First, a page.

This insight signaled a shift in Louisa’s attitude toward sex and herself. She started to mourn her lack of erotic engagement with her past partners and current husband and to commit to cultivating a relationship with her own erotic experience. She began recognizing her own inhibitions, her lack of erotic accountability and the expectation she had always carried that her partner should know what pleased her without her assistance, guidance or willingness to explore the ways that their needs and desires met or diverged.

Because Louisa loved her partner and wanted to make their marriage work, she committed to learning how to experience her own desire and arousal more regularly. Her motivation to feel desire for her own pleasure and sense of wholeness shifted her approach to the sexual disconnection in her marriage from that of a burdensome problem to an adventure.

Untapped potential

When it comes to working effectively with female sexuality and desire, remaining neutral about larger cultural biases can stall your work as a counselor. In a culture saturated with narrow and distorted models and templates of beauty, it is nearly impossible for human beings who emerge from their mothers as female babies to grow up free of misconceptions about their core selves, their bodies, their sensuality and their eroticism.

Some women may manage to stay intuitively connected to their erotic core throughout childhood and adolescence despite the social, relational and societal risks involved, perhaps even making it into adulthood relishing the full range of their sexual experiences on their own terms. A great number of women, however, wouldn’t have survived physically, much less psychically, without shutting off their sexual circuit boards.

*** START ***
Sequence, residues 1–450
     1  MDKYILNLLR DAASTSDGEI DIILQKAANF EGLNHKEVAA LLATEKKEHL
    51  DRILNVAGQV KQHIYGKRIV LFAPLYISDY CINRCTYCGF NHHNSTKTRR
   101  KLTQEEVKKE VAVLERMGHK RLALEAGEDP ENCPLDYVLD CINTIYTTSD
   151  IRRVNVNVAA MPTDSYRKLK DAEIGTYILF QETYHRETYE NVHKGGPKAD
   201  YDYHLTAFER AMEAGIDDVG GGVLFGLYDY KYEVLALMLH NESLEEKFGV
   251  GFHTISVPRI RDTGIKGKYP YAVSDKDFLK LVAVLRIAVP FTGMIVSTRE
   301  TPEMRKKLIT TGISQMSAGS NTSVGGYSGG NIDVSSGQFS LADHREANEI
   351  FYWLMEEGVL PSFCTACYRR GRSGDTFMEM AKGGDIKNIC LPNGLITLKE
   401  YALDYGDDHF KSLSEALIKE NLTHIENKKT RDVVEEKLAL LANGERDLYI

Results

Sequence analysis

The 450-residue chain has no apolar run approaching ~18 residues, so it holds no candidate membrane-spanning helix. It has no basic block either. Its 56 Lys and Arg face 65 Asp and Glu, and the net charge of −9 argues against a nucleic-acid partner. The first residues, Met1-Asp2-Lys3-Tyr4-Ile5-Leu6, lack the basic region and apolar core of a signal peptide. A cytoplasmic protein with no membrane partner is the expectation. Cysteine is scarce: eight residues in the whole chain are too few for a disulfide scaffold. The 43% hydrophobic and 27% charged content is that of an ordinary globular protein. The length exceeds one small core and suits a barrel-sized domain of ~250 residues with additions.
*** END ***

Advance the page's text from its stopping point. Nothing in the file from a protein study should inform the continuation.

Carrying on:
Usually, this shutdown isn’t a conscious choice. It is something that girls learn to do within the context of their relationships as a way of maintaining caregivers’ and others’ love and approval. Even for girls growing up in progressive, supportive families, fitting in with peer groups or feeling socially rooted can sometimes cost them some important piece of connection to their core sexual selves. Girls may grow up lacking erotically vibrant, powerful female role models. Sometimes their families and circumstances don’t allow them the luxury of maintaining a strong, healthy, intact relationship with their bodies.

When girls suppress aspects of their deepest erotic impulses and experiences, layers of judgment and shame encase not only what and how they feel, but also who they are. Like a seed trapped in amber, a woman’s erotic potential can remain untapped even as she develops and grows in other areas. It waits for the right conditions to emerge.

Counselors can provide those conditions in therapy. Here are some key ways that counselors can help women reclaim their erotic selves.

1) Take continuing education courses on sexuality.